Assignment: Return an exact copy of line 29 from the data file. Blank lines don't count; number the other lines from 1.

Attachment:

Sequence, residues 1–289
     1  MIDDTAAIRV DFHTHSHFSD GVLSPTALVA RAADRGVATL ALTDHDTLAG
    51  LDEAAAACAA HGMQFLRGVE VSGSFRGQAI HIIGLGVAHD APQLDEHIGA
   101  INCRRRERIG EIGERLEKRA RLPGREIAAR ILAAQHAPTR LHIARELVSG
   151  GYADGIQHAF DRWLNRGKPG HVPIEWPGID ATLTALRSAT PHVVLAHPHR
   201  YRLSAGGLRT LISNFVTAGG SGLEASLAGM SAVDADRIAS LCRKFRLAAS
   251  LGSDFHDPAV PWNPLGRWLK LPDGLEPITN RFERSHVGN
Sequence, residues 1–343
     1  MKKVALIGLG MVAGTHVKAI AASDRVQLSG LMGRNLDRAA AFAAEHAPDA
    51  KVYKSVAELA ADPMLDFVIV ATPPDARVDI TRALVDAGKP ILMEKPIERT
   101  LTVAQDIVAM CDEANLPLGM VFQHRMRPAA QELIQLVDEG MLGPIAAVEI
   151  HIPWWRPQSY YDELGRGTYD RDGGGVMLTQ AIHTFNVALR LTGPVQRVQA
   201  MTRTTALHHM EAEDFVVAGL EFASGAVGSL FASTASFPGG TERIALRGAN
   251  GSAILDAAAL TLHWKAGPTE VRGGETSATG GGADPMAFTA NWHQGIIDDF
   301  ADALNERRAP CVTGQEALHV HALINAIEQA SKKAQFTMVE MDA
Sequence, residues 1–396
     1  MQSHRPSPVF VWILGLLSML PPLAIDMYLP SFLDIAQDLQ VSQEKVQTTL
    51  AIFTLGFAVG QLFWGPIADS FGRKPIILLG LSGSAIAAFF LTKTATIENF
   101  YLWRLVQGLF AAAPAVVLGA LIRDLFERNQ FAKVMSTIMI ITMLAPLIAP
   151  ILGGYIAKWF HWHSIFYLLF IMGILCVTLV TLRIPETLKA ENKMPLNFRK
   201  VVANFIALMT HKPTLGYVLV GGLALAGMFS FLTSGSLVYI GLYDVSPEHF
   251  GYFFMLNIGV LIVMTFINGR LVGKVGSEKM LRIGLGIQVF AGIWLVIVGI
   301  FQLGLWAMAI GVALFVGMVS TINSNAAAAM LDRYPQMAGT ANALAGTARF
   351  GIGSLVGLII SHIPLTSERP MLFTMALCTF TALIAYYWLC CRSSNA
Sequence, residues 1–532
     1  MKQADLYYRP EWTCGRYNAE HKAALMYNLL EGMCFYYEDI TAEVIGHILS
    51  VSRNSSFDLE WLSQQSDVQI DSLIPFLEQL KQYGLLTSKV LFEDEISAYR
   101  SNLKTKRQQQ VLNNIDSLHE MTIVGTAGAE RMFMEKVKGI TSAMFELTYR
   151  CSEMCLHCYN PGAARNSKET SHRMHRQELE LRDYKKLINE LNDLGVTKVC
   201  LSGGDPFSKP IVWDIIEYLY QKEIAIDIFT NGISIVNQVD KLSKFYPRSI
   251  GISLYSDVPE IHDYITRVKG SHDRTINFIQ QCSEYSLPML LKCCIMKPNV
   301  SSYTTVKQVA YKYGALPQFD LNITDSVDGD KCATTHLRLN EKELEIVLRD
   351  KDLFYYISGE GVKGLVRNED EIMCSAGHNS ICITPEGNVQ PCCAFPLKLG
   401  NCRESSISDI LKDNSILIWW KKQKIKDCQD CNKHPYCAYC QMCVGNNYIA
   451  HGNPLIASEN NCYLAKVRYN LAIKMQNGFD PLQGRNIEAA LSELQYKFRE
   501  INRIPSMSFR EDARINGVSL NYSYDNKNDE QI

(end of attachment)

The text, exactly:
   151  CSEMCLHCYN PGAARNSKET SHRMHRQELE LRDYKKLINE LNDLGVTKVC